The Air Force relies on its planes to be aerodynamic and fast to accomplish its mission. It wants its IT to behave the same way.
Earlier this month, the service branch released a request for information on how it can consolidate some of its IT functions and move to a model that includes an enterprise service desk as well as Device as a Service delivery. Essentially, the service wants to use commercial technology to free up its personnel to do more mission-critical work, including cybersecurity, part of the Air Force’s larger Enterprise IT as a Service shift.
Starting in October, the Air Force will experiment at a portion of its bases around the globe to “leverage commercially owned and operated IT services at those bases to learn and adjust before transitioning to the rest of the AF starting in 2020,” the RFI states.
Ultimately, the goal is to improve the IT user experience through commercial services in order to increase mission effectiveness, according to the Air Force.
Air Force to Experiment with Combining IT Roles
The Air Force wants to “consolidate multiple disparate expenditures and IT projects into a consolidated enterprise while still allowing the users to retain the ability to tailor their services and service levels,” according to the RFI.
To do that, the service wants to partner with vendors to “provide commercial IT services, improve performance of Air Force IT services, and allow re-missioning of military personnel to cyber warfighting missions.”
According to the RFI, the Air Force has numerous goals for the shift. The primary one is to improve cybersecurity, but the service branch also wants to enhance the reliability and availability of IT services and the latest technology.
Further, the Air Force aims to get clarity on the real cost of IT services and its ability to manage them in a cost-effective manner, including assuring that its cost basis per user is reasonable and accurate. The Air Force also wants to improve end-user satisfaction and the effectiveness of its operations across all of its missions and business areas.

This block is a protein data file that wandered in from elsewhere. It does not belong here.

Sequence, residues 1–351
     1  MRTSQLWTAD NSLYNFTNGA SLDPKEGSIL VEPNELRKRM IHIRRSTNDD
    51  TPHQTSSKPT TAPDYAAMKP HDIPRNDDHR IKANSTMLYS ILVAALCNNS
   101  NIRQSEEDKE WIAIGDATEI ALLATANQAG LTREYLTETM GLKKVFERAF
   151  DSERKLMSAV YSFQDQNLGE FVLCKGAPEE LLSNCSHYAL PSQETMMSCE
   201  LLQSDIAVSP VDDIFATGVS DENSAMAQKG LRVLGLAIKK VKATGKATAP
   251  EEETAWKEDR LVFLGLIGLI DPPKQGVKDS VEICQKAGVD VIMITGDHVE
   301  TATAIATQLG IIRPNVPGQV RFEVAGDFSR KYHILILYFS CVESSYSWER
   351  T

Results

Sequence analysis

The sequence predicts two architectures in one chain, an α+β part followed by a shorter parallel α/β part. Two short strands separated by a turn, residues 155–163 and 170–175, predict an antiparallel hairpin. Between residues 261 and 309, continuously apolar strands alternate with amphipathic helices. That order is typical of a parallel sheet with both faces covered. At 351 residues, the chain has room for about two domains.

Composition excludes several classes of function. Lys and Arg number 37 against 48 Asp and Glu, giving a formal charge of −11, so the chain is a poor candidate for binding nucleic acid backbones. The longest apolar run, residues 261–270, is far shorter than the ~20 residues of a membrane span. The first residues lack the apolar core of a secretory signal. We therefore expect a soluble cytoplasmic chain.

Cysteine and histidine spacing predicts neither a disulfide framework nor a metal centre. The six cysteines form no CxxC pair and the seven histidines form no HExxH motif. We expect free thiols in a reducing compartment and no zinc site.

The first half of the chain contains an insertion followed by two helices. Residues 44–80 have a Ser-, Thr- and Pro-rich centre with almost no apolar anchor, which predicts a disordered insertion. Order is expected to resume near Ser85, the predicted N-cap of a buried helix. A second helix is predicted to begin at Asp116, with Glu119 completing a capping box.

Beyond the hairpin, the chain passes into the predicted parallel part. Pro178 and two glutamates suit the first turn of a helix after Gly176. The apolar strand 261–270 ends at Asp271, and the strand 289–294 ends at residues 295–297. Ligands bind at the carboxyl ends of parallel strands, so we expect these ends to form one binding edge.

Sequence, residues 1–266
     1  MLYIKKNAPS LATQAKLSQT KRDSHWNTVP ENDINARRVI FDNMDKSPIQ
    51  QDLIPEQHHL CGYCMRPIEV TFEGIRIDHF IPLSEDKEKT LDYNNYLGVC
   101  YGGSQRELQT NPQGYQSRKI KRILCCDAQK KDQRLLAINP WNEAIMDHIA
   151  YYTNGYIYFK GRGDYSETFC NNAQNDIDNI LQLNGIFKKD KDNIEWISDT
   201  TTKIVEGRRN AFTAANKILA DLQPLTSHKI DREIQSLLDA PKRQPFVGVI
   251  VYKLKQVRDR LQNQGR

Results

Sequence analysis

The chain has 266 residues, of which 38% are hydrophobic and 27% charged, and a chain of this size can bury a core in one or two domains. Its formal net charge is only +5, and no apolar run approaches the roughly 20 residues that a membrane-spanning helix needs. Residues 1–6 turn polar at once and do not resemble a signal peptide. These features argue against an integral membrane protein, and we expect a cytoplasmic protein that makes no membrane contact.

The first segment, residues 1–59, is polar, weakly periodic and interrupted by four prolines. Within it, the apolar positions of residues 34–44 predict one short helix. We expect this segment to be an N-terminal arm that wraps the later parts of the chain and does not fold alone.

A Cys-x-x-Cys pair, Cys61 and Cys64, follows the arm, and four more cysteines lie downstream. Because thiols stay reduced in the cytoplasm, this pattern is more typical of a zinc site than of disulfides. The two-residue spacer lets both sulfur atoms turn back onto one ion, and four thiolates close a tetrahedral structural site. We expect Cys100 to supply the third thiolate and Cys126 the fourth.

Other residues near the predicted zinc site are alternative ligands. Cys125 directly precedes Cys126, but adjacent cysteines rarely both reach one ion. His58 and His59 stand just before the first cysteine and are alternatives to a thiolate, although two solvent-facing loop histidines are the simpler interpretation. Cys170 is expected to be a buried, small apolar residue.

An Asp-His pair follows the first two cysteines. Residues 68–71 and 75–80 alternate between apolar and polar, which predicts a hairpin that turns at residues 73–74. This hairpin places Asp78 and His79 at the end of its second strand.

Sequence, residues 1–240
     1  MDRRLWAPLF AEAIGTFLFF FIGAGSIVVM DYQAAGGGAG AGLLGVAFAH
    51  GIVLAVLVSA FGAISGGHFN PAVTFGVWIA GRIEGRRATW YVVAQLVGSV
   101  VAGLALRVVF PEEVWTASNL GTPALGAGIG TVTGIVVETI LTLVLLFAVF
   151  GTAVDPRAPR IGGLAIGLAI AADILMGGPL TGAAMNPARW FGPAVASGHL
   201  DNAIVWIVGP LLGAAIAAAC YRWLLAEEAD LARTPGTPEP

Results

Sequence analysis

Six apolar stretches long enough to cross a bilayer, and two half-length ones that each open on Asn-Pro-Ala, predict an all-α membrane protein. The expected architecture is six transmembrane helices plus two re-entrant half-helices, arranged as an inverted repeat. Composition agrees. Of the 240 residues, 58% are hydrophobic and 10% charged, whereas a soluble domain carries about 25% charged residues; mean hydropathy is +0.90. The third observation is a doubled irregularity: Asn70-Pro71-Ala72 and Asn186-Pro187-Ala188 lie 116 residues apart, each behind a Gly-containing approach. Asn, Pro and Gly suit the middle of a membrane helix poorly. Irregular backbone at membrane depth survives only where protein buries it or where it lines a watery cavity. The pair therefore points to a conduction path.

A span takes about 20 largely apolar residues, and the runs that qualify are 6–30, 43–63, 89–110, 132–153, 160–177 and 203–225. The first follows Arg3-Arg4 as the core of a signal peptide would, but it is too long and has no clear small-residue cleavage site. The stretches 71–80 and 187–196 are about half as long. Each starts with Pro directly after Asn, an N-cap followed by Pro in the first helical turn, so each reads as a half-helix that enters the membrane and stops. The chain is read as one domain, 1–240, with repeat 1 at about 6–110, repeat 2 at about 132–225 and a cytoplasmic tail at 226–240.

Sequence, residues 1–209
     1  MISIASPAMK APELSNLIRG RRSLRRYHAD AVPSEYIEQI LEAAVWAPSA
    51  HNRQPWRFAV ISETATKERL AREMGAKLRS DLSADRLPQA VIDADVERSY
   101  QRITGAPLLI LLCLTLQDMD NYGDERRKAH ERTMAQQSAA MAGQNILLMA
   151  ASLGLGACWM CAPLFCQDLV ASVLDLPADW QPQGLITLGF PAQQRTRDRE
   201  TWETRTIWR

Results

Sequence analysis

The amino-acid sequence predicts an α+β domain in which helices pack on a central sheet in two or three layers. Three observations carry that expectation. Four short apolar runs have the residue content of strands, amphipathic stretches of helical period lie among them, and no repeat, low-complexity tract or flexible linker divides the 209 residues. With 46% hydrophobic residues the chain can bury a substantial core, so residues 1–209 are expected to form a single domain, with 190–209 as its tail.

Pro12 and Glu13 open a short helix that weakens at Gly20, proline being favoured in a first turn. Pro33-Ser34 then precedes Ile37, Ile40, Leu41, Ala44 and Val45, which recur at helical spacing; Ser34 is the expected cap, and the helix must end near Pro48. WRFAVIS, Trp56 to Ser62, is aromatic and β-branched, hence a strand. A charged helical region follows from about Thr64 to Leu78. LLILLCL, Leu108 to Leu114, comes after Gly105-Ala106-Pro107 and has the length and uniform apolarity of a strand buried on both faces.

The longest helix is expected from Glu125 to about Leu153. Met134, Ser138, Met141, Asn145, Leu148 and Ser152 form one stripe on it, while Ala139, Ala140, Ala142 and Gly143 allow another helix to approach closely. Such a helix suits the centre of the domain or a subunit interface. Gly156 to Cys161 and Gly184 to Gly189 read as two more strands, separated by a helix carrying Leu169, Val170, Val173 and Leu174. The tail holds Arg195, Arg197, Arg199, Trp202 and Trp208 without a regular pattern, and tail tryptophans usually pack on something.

The RFI also says the Air Force wants to move away from an IT model that focuses on incident management, and instead switch to problem management and knowledge management of highly useful and easy-to-follow self-help IT guides, so that it can transition to a predominantly self-service culture. Finally, the Air Force wants to ensure that service-level agreements are optimized for the Air Force operational and business priorities.
To conduct the experiment, the Air Force picked a representative sample of up to 20 out of its 187 bases globally to test the Enterprise IT as a Service model. “The Air Force intends to integrate those installations into EITaaS services and measure the impact of each service on prescribed variables,” the RFI notes.
“The strategic intent is to focus on our core competency,” Bill Marion, now deputy CIO of the Air Force, said in April, FedScoop reports. “Our core competency is ‘fly, fight, win’ in air and space. It is not to run email servers or configure desktop devices.”